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Sunday MotoGP Summary at Aragon: How Championships Are Won & Lost

09/27/2016 @ 11:01 pm, by David Emmett3 COMMENTS

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Momentum. That’s what the last race before the Australasian triple header is all about. Momentum heading towards the end of the championship. Coming out on top and carrying it forward to Motegi, Phillip Island, and Sepang is vital.

The deal may get done on one of the flyaways, but Aragon is the place where the riders put their chips on the table.

All three races on Sunday had a huge impact on the MotoGP championship. In the first race of the day, a title was settled. In the second race of the day, the championship was blown even further open.

The final race of the day saw another brick hammered into the wall of Marc Márquez’s third MotoGP title, and further cemented his legacy. It was a good day’s racing.

There are a lot of ways to win titles, but the way the 2016 Moto3 championship was settled was about as fitting as it could be. At the end of a classic Moto3 race, where a strong group battled for control until the final four laps, four men broke away from the pack.

That group consisted of Brad Binder, the two men who could still mathematically challenge Binder for the 2016 title, Enea Bastianini and Jorge Navarro, and rookie revelation Fabio Di Giannantonio.

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Moto2 Silly Season: Who Replaces Rins, Lowes, & Zarco?

07/06/2016 @ 8:35 am, by David EmmettComments Off on Moto2 Silly Season: Who Replaces Rins, Lowes, & Zarco?

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The first half of 2016 has seen a long and intense period of speculation, gossip and conjecture over which rider ends up where in MotoGP.

Big names have jumped from one factory to another, the entry of KTM has opened up opportunities for established satellite riders, and there has been much talk of the rookies entering MotoGP from Moto2 – Sam Lowes to Aprilia, Alex Rins to Suzuki, and Johann Zarco to Tech 3 (though the latter is still to be announced).

What there has been much less talk of is who is to fill their seats. Traditionally, Silly Season for Moto2 and Moto3 starts much later than for MotoGP, speculation and negotiations commencing in the run up to the flyaways, and often only being finalized at Valencia.

But with three of the strongest teams in Moto2 having seats to fill, team managers are looking ahead a little earlier than usual.

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Photos from the 2015 Superprestigio in Barcelona

12/14/2015 @ 12:01 am, by Steve English7 COMMENTS

Superprestigio-2015-Barcelona-Steve-English-27

Asphalt & Rubber is fortunate to publish this outstanding photos by friend and photographer/journalist Steve English. Most motorcycle racing fans will know Steve for his work in the MotoGP paddock, but thankfully his skills translate well on dirt ovals. We hope you enjoy his work and captions. -JB

Failure to prepare leads to failure. On Friday, Brad Baker made sure that everything was just right for him to succeed on Sunday. Having crashed heavily last year and broken his shoulder and elbow, the Washington native took a different approach to this year’s Superprestigio.

“Last year was tough and when I crashed I was just trying so hard. This year I took a different approach because the win is given on the last race and I was building all weekend towards it. Two serious surgeries in two years helps you realize that the most important race is the final. Last year I was going out to impress everyone and I crashed and missed the race. This year I was able to win both finals and it’s great after such an emotional year.”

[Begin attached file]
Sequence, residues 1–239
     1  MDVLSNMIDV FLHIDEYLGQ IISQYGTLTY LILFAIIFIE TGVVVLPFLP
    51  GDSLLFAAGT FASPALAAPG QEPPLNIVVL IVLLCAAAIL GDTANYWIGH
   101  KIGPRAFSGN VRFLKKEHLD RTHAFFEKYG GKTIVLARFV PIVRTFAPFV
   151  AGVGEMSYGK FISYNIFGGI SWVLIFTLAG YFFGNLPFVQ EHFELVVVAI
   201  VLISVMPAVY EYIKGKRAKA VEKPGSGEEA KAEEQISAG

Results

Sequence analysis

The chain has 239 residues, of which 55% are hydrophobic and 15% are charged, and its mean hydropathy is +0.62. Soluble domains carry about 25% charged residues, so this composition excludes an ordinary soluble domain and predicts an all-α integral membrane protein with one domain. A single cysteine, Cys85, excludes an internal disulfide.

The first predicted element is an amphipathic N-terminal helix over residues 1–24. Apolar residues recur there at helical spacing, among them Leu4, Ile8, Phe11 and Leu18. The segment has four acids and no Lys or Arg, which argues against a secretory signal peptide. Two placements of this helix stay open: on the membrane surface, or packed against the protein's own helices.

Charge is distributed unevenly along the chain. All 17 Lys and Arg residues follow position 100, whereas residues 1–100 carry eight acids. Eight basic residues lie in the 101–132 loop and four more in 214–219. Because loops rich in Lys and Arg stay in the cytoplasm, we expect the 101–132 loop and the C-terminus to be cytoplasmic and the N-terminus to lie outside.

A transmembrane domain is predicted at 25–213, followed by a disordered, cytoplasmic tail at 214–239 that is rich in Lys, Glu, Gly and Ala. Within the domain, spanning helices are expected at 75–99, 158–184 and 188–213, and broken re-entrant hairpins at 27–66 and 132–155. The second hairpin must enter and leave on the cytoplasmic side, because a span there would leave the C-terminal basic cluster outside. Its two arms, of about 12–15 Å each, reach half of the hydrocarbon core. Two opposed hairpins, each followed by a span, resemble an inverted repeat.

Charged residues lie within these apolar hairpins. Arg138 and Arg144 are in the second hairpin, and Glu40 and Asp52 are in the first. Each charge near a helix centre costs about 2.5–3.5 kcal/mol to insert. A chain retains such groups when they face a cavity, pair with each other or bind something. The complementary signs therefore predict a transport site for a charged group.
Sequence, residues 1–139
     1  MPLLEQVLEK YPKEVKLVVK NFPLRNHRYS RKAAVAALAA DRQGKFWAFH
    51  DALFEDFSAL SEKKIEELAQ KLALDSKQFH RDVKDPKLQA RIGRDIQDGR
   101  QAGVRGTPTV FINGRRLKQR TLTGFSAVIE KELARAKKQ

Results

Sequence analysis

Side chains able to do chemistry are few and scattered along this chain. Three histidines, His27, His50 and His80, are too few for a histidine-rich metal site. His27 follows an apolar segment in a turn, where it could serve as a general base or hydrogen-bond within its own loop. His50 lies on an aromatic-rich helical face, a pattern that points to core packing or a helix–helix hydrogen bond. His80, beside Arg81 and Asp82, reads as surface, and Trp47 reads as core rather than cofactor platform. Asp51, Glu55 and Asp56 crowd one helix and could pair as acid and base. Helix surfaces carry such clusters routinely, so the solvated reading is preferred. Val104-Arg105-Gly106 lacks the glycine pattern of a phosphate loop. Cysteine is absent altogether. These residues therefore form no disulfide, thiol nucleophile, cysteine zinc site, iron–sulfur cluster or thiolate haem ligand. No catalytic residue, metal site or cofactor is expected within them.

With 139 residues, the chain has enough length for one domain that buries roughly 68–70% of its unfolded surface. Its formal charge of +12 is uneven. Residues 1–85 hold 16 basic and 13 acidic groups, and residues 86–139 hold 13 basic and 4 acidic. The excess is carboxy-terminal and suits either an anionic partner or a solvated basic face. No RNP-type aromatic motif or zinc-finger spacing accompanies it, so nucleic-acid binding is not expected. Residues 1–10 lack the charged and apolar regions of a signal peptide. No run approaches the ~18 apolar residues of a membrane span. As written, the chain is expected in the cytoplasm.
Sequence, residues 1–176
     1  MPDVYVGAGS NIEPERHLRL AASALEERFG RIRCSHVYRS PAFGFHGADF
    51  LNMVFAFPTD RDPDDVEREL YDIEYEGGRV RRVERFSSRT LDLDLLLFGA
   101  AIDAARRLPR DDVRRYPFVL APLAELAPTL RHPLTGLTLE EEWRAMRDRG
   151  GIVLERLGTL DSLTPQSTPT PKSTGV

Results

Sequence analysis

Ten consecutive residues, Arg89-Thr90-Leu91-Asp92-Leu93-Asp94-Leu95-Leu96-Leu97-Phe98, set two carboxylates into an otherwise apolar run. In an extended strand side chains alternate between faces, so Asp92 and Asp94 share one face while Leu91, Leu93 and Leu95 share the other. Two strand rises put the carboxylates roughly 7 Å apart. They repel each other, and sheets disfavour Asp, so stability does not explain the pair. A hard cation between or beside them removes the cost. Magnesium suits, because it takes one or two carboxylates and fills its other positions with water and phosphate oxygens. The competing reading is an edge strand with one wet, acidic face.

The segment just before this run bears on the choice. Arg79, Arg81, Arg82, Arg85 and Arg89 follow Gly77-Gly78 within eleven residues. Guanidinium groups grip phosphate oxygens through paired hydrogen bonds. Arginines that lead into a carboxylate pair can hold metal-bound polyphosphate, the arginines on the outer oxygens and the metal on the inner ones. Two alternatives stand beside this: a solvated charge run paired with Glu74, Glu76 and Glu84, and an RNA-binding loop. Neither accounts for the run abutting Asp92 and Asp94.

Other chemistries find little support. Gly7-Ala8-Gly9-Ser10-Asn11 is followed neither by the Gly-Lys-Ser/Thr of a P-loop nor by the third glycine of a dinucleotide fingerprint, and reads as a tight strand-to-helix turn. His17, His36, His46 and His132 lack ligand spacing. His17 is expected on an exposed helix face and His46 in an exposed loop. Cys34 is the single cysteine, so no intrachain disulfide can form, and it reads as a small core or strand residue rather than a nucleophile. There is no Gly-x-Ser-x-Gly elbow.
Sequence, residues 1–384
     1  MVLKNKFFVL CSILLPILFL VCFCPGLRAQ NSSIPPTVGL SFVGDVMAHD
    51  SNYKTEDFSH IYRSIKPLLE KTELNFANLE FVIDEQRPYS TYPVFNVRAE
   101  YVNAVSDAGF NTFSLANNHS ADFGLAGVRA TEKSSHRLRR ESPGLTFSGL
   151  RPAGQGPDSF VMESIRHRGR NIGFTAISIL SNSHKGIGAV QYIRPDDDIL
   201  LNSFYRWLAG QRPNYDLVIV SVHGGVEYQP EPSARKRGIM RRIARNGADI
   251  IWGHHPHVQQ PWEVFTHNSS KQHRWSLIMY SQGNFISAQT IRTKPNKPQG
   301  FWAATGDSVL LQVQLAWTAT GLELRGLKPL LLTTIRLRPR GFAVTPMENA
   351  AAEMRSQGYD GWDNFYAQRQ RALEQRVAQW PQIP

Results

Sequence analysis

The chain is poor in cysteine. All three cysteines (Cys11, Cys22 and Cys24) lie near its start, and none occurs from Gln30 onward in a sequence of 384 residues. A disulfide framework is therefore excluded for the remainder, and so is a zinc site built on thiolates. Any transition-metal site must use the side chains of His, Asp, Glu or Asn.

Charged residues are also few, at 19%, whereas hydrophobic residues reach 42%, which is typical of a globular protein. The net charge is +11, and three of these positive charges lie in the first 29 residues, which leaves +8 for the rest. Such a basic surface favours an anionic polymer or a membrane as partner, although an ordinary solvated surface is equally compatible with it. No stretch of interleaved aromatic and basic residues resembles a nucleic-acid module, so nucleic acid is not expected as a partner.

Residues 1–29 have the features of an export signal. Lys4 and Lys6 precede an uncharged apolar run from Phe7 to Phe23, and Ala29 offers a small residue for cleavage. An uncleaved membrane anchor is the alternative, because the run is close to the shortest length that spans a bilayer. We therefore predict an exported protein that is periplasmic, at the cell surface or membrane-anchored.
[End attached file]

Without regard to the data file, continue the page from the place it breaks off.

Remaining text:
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Double Pro Flat Track Grand National champion Jared Mees wasn’t able to make the magic happen in the Superfinal, but enjoyed the weekend and said afterwards that “I’m glad Brad won because it means that it’s another win for America!”

The flat track rivals both joked that this weekend was a very different challenge for them. “For me and Jared we’re usually on opposite sides and looking to beat each other so it was fun that we both approached this weekend thinking ‘If I don’t win I hope you do,'” was how Baker summed up their approach to the weekend.

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“Is that a penny at the apex?” Marc Marquez brought a tremendous style to MotoGP when he arrived three years ago and his flat track style is equally impressive.

Leaning so far off the bike to try and generate grip from the edge of the tire is a very different style to that employed by the full-time flat track racers, but on the 200m Barcelona track it worked well for the Spaniard.

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2015 Superprestigio Set for December 12th in Barcelona

12/03/2015 @ 1:01 pm, by David Emmett11 COMMENTS

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The Barcelona Superprestigio race is becoming a regular fixture in the winter break, and this year is no exception. The third edition of the race is due to take place on December 12th in the Palau Sant Jordi, part of Barcelona’s Olympic Ring up on the Montjuic hill which sits on southwest edge of Barcelona.

Once again, the feature will pit some of the best MotoGP riders in the world against the cream of the US flat track scene, as well as top riders from many other motorcycling disciplines.

Star of the show is once again Marc Marquez, the man who helped organize the show after hearing about previous editions of the race which had been run in the 1980s and 1990s.

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Sunday Summary at Brno: Foiled Expectations, A Sea Change in the Championship, & The Distractions of Contracts

08/17/2015 @ 12:40 am, by David Emmett3 COMMENTS

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There were many things we expected to see on Sunday at Brno. Rain was one of them. Order restored in Moto3 was another. But most of all, we expected to see a scintillating MotoGP race going down to the wire.

We saw none of those things, yet the Czech Grand Prix turned out to be one of the most intriguing races of the season. The momentum shifted in Moto3 and MotoGP, and swung even further in Moto2. And apart from a few drops shortly after Moto3 finished, the rain stayed away all day.

Free practice had promised a thrilling MotoGP race, with little to choose between the pace of the top three riders in the championship. Expectations were both raised and dispelled after qualifying, with Jorge Lorenzo, Marc Márquez and Valentino Rossi locking out the front row.

Lorenzo on pole was no surprise, nor really was Márquez on the front row. Rossi, though, was an eye-opener, and on paper, a mouth-watering prospect.